I modified the HDToolbox icon to use the oktagon.device instead of the normal SCSI.device, so it would find my SCSI2SD hard disk - I needed to define a new drive definition and read the drive to create it. It detected the hard disk just fine:

That done, I could save the configuration for rebooting:

Reboot done, I then modified the CD0 mount from the AmigaOS 3.2 install disk to use the Oktagon.device and the right SCSI ID. For this install, I plan to use the AmigaOS 3.2 CDROM since I have a SCSI CDROM drive in the Amiga 2000. It will be a lot quicker than using physical floppies.

That done, I could then run the Activate CDROM program from the Install disk to mount the CDROM drive.

It worked, and the CD mounted and showed on the Workbench screen:

I ran the HDToolbox from the Install floppy to prepare the hard disk partitions:

I decided to use a 4GB primary DH0 partition for AmigaOS 3.2, and a 10GB DH1 partition for data, labelled as Work. I decided to use the new Long Names FFS file system for both partitions.

Important thing I had to do when preparing the partitions was to make sure to select Direct SCSI Transfer in the options for each partition. If you don't do that, the format of the disks will fail (as I found out below!)

With that setting fixed, I set DH0 bootable, and then setup the other DH1 partition:

That done, I committed the changes and rebooted when prompted:

After the reboot I could format both partitions successfully, which meant I could now start the AmigaOS 3.2 installation to the newly formatted hard disk.

Nice thing about using the CDROM for the installation is it doesn't need me to sit there and swap floppy disks the whole time - it mounts each disk virtually as an adf files from the cd and runs through the installation. I chose to use the Glowicons.

Once AmigaOS 3.2 installation was completed, I reboot into the new environment on the Amiga 2000 from the SCSI2SD for the first time.

I then setup the CD drive again from the hard disk now - no idea what the installer doesn't take the working setup I did on the install disk as part of the installation though!

I then installed the MuLibs to install the 68030 libraries to remove the nag screen on boot that reminds you that you need to do this if you have a 68030/040/060 accelerator installed.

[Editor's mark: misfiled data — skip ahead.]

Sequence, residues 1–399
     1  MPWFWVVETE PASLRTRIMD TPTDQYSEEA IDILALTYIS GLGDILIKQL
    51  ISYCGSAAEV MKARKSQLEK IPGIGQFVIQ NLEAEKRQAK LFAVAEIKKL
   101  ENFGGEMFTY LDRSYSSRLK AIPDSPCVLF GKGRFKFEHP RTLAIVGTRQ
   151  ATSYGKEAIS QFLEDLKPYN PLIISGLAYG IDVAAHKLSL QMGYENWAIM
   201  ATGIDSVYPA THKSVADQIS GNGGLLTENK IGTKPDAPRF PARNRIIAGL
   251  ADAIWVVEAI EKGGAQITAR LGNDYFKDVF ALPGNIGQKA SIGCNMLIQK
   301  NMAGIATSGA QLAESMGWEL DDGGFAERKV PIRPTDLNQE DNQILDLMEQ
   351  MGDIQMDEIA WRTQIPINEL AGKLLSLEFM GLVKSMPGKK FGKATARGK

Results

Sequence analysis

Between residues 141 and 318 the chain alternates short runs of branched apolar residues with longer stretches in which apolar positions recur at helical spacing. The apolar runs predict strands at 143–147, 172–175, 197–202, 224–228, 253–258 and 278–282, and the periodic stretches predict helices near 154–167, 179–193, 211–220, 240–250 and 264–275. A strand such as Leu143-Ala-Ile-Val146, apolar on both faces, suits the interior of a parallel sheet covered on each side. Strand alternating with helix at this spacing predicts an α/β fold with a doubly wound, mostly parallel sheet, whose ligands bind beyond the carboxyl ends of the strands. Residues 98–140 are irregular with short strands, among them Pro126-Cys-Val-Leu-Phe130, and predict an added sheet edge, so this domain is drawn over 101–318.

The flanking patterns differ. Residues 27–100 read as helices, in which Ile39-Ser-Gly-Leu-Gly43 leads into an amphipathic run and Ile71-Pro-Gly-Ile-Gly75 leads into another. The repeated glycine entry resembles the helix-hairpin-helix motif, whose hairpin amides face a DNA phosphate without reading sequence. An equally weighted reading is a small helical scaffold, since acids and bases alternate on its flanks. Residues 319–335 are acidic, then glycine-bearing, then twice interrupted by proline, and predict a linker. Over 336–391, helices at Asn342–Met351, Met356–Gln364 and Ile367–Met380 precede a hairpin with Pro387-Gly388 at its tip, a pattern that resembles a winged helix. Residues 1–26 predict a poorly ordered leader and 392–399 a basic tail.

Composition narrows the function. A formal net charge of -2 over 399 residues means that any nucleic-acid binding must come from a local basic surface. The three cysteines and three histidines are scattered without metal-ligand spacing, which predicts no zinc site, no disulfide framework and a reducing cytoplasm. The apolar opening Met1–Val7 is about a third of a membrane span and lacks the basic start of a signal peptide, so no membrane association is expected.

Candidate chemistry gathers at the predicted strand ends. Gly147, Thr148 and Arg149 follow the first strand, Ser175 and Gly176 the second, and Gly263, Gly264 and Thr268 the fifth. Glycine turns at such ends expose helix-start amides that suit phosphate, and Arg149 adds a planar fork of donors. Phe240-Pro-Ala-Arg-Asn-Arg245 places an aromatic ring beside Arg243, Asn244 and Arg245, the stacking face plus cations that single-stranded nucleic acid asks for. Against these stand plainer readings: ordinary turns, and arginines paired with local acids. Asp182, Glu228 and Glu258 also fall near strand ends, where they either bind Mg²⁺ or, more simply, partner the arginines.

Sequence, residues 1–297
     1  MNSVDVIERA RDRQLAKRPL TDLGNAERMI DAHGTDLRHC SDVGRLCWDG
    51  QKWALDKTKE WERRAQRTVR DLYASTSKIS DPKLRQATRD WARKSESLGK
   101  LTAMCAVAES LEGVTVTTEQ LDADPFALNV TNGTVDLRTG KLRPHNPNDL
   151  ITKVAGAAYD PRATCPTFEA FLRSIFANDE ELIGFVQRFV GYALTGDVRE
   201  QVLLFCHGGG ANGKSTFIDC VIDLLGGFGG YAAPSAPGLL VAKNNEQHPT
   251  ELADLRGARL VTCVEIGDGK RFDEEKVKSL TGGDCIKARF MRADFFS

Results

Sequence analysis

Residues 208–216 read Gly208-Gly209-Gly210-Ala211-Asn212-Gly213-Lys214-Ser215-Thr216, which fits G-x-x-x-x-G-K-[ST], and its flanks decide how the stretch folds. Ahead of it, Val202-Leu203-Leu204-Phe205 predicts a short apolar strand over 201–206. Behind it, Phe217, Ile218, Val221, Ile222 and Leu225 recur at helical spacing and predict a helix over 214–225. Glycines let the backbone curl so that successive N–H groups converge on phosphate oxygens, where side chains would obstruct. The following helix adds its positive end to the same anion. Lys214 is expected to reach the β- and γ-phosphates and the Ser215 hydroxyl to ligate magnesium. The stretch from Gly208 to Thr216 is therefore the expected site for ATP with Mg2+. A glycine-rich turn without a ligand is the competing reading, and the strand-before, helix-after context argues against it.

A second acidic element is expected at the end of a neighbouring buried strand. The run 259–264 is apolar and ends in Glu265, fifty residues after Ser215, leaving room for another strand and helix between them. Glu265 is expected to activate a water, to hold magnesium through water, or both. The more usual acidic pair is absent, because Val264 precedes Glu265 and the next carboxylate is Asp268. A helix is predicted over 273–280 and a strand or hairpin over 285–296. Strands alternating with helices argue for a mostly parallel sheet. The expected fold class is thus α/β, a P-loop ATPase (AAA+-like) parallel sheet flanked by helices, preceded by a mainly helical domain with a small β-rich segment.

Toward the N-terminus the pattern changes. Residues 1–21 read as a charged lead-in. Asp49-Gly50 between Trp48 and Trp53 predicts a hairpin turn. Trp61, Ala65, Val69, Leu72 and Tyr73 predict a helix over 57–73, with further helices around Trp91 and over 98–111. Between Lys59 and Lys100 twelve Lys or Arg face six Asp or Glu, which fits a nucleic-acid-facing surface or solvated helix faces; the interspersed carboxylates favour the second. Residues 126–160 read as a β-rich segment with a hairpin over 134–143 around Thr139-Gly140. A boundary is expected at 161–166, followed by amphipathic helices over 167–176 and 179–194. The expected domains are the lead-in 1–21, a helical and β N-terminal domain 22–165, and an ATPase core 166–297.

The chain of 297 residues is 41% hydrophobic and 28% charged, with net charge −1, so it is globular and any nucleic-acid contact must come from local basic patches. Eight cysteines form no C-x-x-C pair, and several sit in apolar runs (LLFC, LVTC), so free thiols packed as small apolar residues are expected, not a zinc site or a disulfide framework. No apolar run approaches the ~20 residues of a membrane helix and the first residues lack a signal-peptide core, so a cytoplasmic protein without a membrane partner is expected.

With that done, I decided to reassemble the case for now.

In case you are curious, I am using the Amiga 3000 keyboard on the Amiga 2000 as I had put the Amiga 2000 keyboard o the Amiga 3000 a long time ago as the A3000 keyboard is not the most attractive condition, with bad yellowing on it. I will probably swap them back now that the Amiga 2000 is working well again.

I plan to do a lot of data transfers and setup work, which involved leaving it running unattended for a while. So, I set to work on setting up Poseidon USB stack so I have Rapid road USB support to access my data from other Amiga systems.

With that done, I got the Rapid Road USB working:

I then set to work on the data transfers, which has taken most of the weekend!

While waiting for the data transfer, I set to work on the Picasso IV card's "procedure" so it can be used with one screen on the Amiga 2000.

It involves "breaking" the video slot portion of the card (shown below), and using the the ribbon cables above to connect the ports. This then allows the video slot portion to be physically installed in the Video slot on the Amiga 2000, which is on the opposite side of the motherboard, and not in-line with the Zorro slots, unlike every other big box Amiga!

The manual suggested to break the parts connecting the sides of the video slot section to the main PCB and then "rock" the video slot part back and forth until it breaks. To say I am nervous about breaking an extremely rare and expensive graphics card doing this work is an understatement!

Contrary to the instructions in the manual, I was nervous about breaking it and really didn't want to bend back and forth too much, for fear of breaking the main card, especially given the age of the card! So I used a knife to carefully wear down the connection points around the video slot until it was weak enough to easily break off.

I managed to get the video slot part broken off without appearing to damage it. (hopefully!)

I then connected the data cables as instructed to the video slot module, ready for installation in the Amiga 2000.

I need to locate a CDROM CDDA cable as well - I seem to misplaced the one that came with the Picasso IV...more likely I used it on another project...

At this point I ran out of time for this weekend. The data copying is still going, and I can't install the card until it finishes.

I will continue work on this build and cover the remaining setup in Part 2 soon!

1 comment:

  1. Your old board probably has a blown pico fuse making the mouse not work. You can solder an arduino 'female' wire to each side of the fuse as it is now 'open' and then put a fuse into the open ends. Tape it so it won't short and lay it over inside the case under the board. That's what I did. I got a set of 12 fuses so if it ever blows again it's a few seconds work to just plug in a new one.